Institutional statements put that modus vivendi at risk. Universities cannot distance themselves from political expression that professors might engage in while conducting their teaching duties or in utilizing university resources like web pages and social-media accounts. When professors use their privileged access to university-provided platforms to express political opinions, the university is forced to take ownership of the resulting speech. Professors who act in their role as university employees are necessarily liable for discipline for that conduct. Professors shield themselves from those repercussions by speaking as private individuals and not as employees.
Institutional speech will necessarily be held against the institution. If the institution engages in controversial political activities, other political actors can and will push back. As colleges attempt to navigate an increasingly hostile political environment, silence is often golden. If individual units on campus can easily go rogue and engage in institutional speech on their own initiative, it is the university that will suffer the political consequences. An individual department posting controversial political statements on its official website invites political retaliation not only against itself but against the university as a whole. Self-preservation dictates that the university be able to control its own institutional speech.
Another set of concerns involves the direct pressure put on individual scholars by the proliferation of institutional political statements. Individual members of the faculty are free to engage in individual political expression or to associate with others to express themselves collectively, and universities should be diligent in protecting the freedom of individual professors to do so. But individual members of the faculty also have the freedom to remain silent on matters of controversy and to choose their own time and manner of expressing their political views. They should not, as a condition of employment at a university, be dragooned into the political activities of others. Departmental statements make that impossible. Dissenting individuals are forced either to hold their tongue and allow statements to be issued in their name or to wade into a political controversy when they would prefer not to do so. Faculty members can always speak in their own name. That is an exercise of free expression. To attempt to speak in the name of others is rather an infringement on free expression.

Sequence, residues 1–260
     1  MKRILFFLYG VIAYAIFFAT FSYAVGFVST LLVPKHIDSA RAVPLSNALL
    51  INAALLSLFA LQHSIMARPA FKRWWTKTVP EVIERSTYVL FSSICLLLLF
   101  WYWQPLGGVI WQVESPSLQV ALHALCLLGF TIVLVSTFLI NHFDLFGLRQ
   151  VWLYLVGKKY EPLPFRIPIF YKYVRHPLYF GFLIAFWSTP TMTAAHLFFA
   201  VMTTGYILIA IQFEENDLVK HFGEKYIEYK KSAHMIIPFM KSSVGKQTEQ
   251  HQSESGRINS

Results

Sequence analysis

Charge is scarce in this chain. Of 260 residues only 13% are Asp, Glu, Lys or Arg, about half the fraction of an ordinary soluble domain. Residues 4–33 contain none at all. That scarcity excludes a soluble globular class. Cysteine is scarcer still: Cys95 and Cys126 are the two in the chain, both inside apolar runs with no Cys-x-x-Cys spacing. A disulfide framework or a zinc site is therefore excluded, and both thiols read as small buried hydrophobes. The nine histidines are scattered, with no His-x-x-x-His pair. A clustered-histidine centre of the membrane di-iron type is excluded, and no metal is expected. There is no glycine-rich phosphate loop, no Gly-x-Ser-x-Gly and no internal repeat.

For departments qua departments to issue political statements is to assert that those sentiments are not just personal, but professional. As such, they may also become professionally relevant to evaluation of current and future members of the faculty. It is an important protection of the academic freedom of individuals that institutions not take the personal political views and activities of professors into account when making decisions regarding hiring and promotion. It is possible to construct a firewall protecting professors from being punished for their political opinions by distinguishing such personal activities from professional activities. If, however, a department as such has specific political views, then the political views of prospective members of the faculty are suddenly professionally relevant and cannot be regarded as off-limits. Junior faculty would justly worry that their professional future will be damaged if they do not go along with the political activities of their senior colleagues. Dissenting members of the faculty will justly believe that they are made outsiders to their own department as a consequence of their political beliefs.
Universities protect a realm of academic freedom and free expression by limiting the domain of institutional speech. The institution as such does not weigh in on either scholarly or political controversies. Individual members of the faculty should be left free to develop and express their own views — because the university does not elevate orthodoxies. When universities cross that line and expand the realm of institutional speech, they threaten to shrink the freedom of the scholars who work within those universities.